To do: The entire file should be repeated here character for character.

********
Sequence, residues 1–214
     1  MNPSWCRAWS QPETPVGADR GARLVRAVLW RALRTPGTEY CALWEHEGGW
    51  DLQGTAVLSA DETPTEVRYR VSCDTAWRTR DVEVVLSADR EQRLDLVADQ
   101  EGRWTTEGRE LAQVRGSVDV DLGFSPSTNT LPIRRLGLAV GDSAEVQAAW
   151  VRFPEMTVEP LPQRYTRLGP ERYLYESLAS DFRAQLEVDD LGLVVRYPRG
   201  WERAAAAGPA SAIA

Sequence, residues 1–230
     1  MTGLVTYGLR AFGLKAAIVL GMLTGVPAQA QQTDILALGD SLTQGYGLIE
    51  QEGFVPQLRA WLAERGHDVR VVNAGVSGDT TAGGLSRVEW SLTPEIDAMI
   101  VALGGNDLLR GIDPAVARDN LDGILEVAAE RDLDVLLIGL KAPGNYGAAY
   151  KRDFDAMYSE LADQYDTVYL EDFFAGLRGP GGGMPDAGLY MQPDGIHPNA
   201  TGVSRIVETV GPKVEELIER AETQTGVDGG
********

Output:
Sequence, residues 1–214
     1  MNPSWCRAWS QPETPVGADR GARLVRAVLW RALRTPGTEY CALWEHEGGW
    51  DLQGTAVLSA DETPTEVRYR VSCDTAWRTR DVEVVLSADR EQRLDLVADQ
   101  EGRWTTEGRE LAQVRGSVDV DLGFSPSTNT LPIRRLGLAV GDSAEVQAAW
   151  VRFPEMTVEP LPQRYTRLGP ERYLYESLAS DFRAQLEVDD LGLVVRYPRG
   201  WERAAAAGPA SAIA

Sequence, residues 1–230
     1  MTGLVTYGLR AFGLKAAIVL GMLTGVPAQA QQTDILALGD SLTQGYGLIE
    51  QEGFVPQLRA WLAERGHDVR VVNAGVSGDT TAGGLSRVEW SLTPEIDAMI
   101  VALGGNDLLR GIDPAVARDN LDGILEVAAE RDLDVLLIGL KAPGNYGAAY
   151  KRDFDAMYSE LADQYDTVYL EDFFAGLRGP GGGMPDAGLY MQPDGIHPNA
   201  TGVSRIVETV GPKVEELIER AETQTGVDGG